A slew of top academicians and doctors have signed a public petition condemning the Israel Medical Association for its refusal to countenance the force-feeding of terrorist prisoner Mohammed Allan.
"We strenuously oppose the Israel Medical Association's position, according to which it is forbidden for a doctor to act to save the life of a hunger striking prisoner, even against his will,” the signatories proclaimed, noting that the IMA's position “was accompanied by profession-related threats toward whoever acts otherwise.”
The idea that doctors need to wait until a hunger striker loses consciousness and only then treat him is wrong for two reasons, they added. First: it still violates the autonomy of the striker, but also exposes him to the danger of sudden death or serious brain damage.
The petitioners include four Israel Prize laureates, and a host of central figures from the sciences in Israel, who state that force feeding a hunger-striking prisoner is allowed and is the moral thing to do.
According to NRG, the petition's signers include Dr. Atty. Ofra Golan, who chairs the ethics committees in several Israeli hospitals; Prof. Shimon Glick, former Dean of the Health Sciences Faculty in Ben Gurion University; Prof. Michael Gross, Head of International Relations Department at Haifa University and an expert on ethics; Prof. Yonatan Halevy, Director of Shaare Tzedek Medical Center; Dr. Mordechai Halperin, Head of the Schlesinger Institute at Shaare Tzedek, formerly in charge of ethics in the Health Ministry; Prof. Michael Weingarten, Chairman of the Ethics Dept. for cases involving human beings at the Hebrew University; Retired Supreme Court Judge Tzvi Tal, and Rivka Carmi, President of Ben Gurion University.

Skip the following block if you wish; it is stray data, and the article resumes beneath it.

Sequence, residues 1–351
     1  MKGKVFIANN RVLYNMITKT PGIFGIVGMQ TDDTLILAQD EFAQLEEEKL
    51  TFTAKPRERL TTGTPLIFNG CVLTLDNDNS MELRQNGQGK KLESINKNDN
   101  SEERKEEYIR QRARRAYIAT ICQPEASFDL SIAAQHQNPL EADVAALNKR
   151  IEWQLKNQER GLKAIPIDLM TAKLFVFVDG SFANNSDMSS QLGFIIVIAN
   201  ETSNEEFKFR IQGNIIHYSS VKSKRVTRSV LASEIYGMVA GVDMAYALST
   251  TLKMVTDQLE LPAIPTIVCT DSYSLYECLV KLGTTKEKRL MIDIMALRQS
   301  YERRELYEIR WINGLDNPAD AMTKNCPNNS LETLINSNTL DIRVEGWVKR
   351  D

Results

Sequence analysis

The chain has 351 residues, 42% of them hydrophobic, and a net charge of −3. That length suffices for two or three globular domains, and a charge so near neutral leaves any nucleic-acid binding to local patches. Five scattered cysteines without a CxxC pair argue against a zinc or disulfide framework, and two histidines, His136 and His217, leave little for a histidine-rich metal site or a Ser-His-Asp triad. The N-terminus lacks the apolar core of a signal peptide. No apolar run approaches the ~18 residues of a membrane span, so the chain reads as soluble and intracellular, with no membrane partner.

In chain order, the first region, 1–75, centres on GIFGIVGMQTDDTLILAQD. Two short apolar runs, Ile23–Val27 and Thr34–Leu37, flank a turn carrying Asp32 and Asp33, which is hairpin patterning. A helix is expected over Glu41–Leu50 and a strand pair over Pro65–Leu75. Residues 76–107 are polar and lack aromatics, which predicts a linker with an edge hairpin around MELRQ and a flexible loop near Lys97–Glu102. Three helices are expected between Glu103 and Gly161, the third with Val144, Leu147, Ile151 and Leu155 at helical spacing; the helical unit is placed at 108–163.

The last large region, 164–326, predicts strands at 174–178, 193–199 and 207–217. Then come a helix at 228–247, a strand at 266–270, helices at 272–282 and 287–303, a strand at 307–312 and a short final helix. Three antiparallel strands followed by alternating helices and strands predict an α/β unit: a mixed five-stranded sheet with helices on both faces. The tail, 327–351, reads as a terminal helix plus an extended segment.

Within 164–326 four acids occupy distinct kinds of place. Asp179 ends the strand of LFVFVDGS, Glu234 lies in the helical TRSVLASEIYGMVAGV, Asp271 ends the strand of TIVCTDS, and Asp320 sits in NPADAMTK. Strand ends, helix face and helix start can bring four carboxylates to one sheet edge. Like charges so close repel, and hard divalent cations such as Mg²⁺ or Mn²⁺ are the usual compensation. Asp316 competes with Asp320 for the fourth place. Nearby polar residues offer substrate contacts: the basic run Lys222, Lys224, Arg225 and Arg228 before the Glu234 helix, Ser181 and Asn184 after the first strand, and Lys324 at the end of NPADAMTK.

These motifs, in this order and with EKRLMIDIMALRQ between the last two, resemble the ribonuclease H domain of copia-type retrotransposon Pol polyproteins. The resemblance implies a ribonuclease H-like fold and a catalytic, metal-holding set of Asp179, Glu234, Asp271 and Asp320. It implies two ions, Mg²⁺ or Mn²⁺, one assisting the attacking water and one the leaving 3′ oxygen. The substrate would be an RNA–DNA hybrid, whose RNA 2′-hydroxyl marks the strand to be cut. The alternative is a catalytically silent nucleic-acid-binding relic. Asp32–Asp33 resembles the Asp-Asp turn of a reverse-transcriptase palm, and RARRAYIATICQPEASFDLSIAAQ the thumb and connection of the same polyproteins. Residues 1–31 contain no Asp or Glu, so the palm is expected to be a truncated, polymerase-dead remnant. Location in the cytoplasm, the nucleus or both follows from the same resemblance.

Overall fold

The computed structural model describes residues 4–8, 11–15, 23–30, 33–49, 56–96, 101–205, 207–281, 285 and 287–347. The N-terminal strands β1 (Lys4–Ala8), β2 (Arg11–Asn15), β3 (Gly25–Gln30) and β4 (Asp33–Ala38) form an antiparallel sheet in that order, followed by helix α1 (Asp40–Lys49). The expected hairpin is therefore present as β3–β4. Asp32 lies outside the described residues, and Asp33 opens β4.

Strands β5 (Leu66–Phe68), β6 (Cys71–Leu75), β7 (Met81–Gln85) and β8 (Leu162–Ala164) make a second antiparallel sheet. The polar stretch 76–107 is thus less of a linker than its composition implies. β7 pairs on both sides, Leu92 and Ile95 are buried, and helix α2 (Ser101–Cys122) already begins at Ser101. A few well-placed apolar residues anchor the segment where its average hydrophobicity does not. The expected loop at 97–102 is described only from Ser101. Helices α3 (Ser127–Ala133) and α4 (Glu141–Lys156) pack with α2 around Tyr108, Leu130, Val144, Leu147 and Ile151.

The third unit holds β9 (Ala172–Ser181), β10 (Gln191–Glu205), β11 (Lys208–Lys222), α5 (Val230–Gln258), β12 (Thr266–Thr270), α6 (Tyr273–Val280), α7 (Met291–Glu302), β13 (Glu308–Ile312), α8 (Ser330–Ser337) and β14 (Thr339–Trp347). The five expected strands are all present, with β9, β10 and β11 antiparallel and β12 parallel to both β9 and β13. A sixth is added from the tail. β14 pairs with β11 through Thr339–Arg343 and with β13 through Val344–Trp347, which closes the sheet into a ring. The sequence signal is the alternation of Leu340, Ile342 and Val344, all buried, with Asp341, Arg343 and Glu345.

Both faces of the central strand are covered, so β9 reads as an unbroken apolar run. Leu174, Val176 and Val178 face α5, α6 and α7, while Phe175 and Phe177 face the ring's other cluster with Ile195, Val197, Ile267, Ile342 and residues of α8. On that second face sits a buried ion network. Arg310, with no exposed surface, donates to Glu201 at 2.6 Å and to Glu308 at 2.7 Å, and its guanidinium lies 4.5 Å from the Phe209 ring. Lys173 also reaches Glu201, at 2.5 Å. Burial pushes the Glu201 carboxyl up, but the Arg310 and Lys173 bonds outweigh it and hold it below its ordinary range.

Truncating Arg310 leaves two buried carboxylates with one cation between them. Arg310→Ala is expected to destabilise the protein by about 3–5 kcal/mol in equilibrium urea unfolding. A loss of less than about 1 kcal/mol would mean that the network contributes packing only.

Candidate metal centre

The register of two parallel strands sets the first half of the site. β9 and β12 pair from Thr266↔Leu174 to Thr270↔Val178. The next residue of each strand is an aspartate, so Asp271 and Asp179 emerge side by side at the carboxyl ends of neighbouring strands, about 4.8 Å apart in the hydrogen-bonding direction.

The Israel Prize laureates who signed are Prof. Asa Kasher of Tel Aviv University, Prof. Michel Revel of the Weizmann Institute, Prof. Menachem Rackover of Bar Ilan University, and Prof. Avraham Steinberg, Director of the Ethics Department at Shaare Tzedek Hospital.
The petition makes clear that the need to save a person's life is well rooted in Israeli law, from the biblical injunction “lo ta'amod al dam re'ekha,” commanding a person to save a life that is under threat, to the Patient's Rights Law.
"The decision about the timing of an act to save [a patient] and the proper and necessary ways of saving his life must be in the hands of the doctors caring for the patient, and in accordance with the decision of the ethical committee of the hospital,” the petitioners argued. “These difficult decisions will only be taken in extreme cases, in which there is immediate and clear danger to life, and as a last resort before the patient dies or suffers irreversible harm. The proposal to wait until the hunger striker loses his consciousness and only then treat him is wrong on two counts. It still violates the autonomy of the striker, and also exposes the striker to the danger of sudden death or serious brain damage.”
The petitioners said that the medical system should be disconnected from all political considerations, and act in the same way toward any patient, regardless of the circumstances that brought him to his serious medical state. A doctor who finds it ethically difficult to force-feed a hunger striker should cease treating the patient, but only after he makes sure that another doctor has taken his place, they said.